Business owners are experiencing all sorts of feelings after the Department of Labor announced the proposed overtime expansion rules this month. Whether those feelings are good or bad, for or against, it’s time we had a conversation about it and discussed some possible effects.
A brief overview of the proposed new rules:
The salary threshold to qualify as an “exempt” employee has remained at $455 per week, or $23,660 annual salary, since 2004. In this day and age, that is below the poverty threshold for a family of four, and roughly 8% of salaried workers fall below that threshold. The proposed new rule would extend overtime protection to those who earn up to $970 per week, or $50,440 annual salary. (That’s an over 100% increase!)
Think about your staff—how many of your employees will now be eligible for overtime? What’s your plan? Do you plan to increase overtime pay? Will you increase salaries to keep an exempt status for your employees?
Let’s say you choose to move some or all of your currently salaried employees to hourly. You now need a timekeeping system to record their time worked. If an employee is moved from salaried to hourly, it can be a pretty big blow to his or her pride. An electronic timekeeping system, where he or she can login and punch in and out from his or her desk or mobile device rather than having to carry around a time card, will help soften the blow a bit. Another way to soften the blow: now they are eligible for overtime—i.e. time and a half! If a change must be made, make sure you highlight the positives.
In the remodeling industry, employees often work indefinite hours and often in different locations. The ability to punch in from a tablet or a phone upon arriving at a specific location, and punching out when the job is done, is stress-free and uncomplicated.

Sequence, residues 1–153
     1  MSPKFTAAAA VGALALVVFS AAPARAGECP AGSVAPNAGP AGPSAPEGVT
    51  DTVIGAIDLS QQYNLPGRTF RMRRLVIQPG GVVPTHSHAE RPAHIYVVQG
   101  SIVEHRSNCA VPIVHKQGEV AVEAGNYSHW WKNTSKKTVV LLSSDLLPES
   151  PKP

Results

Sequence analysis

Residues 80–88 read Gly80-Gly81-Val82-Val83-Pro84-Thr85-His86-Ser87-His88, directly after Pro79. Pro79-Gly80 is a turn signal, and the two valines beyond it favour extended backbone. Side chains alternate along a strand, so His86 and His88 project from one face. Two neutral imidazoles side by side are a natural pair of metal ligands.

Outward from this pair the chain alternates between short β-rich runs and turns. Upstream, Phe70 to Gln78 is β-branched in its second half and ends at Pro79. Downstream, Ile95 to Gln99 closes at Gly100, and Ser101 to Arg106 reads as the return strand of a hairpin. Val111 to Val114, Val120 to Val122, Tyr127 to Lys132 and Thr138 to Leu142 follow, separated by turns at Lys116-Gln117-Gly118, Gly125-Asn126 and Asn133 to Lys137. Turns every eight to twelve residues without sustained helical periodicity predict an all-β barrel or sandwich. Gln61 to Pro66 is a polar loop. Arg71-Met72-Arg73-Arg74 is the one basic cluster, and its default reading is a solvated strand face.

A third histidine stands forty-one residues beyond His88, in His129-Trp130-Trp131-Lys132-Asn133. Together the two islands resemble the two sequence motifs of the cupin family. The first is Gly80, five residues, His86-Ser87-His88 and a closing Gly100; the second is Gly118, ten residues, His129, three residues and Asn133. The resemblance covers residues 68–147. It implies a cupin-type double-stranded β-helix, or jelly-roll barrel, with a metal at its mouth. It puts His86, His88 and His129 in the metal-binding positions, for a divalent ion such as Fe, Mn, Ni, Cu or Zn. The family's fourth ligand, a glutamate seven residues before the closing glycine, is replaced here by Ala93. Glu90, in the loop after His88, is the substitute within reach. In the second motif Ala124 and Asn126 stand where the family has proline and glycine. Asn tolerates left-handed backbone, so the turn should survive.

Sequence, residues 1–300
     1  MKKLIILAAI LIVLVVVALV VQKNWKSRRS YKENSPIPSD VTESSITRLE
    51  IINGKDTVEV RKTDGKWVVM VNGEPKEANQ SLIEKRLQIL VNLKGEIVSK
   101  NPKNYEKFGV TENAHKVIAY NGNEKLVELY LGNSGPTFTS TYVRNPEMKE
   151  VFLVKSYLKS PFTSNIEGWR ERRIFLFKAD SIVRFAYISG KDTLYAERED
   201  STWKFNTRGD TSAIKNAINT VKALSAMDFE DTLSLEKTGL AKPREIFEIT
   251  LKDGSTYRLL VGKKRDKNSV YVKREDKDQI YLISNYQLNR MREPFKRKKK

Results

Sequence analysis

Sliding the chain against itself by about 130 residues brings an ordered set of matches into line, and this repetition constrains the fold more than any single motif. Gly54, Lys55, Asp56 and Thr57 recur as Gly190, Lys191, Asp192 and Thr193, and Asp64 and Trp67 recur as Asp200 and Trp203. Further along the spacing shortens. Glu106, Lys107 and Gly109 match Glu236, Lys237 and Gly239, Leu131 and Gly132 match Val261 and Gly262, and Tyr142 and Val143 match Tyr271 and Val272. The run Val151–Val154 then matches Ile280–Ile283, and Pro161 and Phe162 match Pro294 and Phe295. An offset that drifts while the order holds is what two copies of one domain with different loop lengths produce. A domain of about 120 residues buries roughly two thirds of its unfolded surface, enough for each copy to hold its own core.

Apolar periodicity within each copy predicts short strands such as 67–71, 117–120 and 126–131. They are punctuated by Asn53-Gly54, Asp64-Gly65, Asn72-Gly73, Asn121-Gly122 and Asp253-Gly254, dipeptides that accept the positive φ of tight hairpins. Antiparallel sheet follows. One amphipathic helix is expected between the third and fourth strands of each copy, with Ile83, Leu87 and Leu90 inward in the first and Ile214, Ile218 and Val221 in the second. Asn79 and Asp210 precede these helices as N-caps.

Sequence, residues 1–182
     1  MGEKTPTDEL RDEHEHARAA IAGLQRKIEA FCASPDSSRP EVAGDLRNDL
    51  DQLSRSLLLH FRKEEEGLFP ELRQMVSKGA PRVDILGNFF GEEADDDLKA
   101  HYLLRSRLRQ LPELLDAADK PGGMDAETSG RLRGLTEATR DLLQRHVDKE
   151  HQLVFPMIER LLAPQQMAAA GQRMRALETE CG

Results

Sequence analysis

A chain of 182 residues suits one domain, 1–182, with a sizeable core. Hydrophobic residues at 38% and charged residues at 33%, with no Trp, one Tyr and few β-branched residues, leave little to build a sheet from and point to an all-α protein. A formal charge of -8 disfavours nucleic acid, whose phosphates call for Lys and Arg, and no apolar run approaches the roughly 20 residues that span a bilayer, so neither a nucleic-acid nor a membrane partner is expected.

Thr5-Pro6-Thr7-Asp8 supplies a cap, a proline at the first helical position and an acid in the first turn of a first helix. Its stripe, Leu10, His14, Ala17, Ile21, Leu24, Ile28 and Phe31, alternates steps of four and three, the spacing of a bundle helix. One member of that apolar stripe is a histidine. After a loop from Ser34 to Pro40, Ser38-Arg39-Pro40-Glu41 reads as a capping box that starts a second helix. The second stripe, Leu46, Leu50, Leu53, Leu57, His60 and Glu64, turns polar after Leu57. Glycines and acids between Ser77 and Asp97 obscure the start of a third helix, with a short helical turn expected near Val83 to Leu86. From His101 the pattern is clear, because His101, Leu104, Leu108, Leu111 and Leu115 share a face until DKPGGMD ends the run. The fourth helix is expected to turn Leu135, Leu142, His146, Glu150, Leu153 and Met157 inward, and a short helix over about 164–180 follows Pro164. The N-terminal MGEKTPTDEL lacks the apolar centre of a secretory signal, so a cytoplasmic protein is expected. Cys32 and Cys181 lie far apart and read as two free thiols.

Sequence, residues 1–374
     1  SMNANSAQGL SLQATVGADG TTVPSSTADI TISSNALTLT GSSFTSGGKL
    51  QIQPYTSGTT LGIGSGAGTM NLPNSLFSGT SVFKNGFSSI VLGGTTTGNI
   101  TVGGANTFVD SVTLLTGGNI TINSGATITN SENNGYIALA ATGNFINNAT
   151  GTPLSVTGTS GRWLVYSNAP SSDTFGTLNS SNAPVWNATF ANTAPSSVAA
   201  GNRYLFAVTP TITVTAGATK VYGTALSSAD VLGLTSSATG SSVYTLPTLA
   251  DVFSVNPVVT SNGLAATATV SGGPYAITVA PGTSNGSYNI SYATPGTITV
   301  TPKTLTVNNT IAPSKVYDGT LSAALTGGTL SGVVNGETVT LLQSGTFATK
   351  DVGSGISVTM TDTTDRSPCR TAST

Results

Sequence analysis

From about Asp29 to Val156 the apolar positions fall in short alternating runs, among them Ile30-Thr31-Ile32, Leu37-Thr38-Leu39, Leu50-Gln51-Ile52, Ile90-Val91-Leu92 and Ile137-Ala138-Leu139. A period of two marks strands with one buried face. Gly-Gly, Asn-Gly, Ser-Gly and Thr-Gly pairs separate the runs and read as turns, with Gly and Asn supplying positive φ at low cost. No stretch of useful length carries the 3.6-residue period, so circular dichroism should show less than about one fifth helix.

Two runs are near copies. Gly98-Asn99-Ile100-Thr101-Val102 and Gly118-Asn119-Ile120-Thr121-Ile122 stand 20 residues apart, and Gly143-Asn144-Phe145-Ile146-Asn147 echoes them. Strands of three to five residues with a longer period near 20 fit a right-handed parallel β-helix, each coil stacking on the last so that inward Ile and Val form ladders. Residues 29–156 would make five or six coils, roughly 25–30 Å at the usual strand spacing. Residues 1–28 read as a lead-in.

Maybe you already have a manual timekeeping system such as time cards and pin numbers in place. While these can be effective, they can also be prone to error. The error could mean abuse such as “buddy punching,” or rounding too little or too much, and so on. Typically, errors in timekeeping lead to overpaying or underpaying an employee, which, in turn, can lead to a lawsuit.
Here are a few fun facts for the day:
- The American Payroll Administration estimates that the rate of human error in time card preparation is between 1% and 8%. Therefore, a 2% human error rate on a $12,000 payroll would equal $240 in erroneous wages paid per pay period.
- Did you know that just 15 employees receiving pay for merely 4 minutes of ‘wasted time’ per day will total 1,380 minutes (23 hours) of additional pay per month?
- The average payroll clerk spends 7 minutes per time card each pay period managing the following tasks:
- Preparing and handling time cards
- Verifying time card totals
- Reconstructing lost or damaged time cards
- Computing time card totals
- Computing shift and department totals
- Preparing 100 time cards will take an estimated 11.67 hours to complete. Therefore, at an average clerical wage of $15.00 per hour, time card preparation would cost $175.05 per pay period.
After reading all of that, doesn’t electronic timekeeping sound just peachy?! We suggest electronic, automated timekeeping systems to not only save you money, but to reduce error and save time. Studies have shown that companies who have adopted automated time and attendance systems have seen over a 50% decrease in payroll errors, which can be costly to resolve.
If these proposed overtime expansion rules take effect, you need to prepare for the change and consider how those changes affect your budget and employees.
If you have any questions about automated timekeeping or the DOL’s proposed overtime expansion rules, please comment below!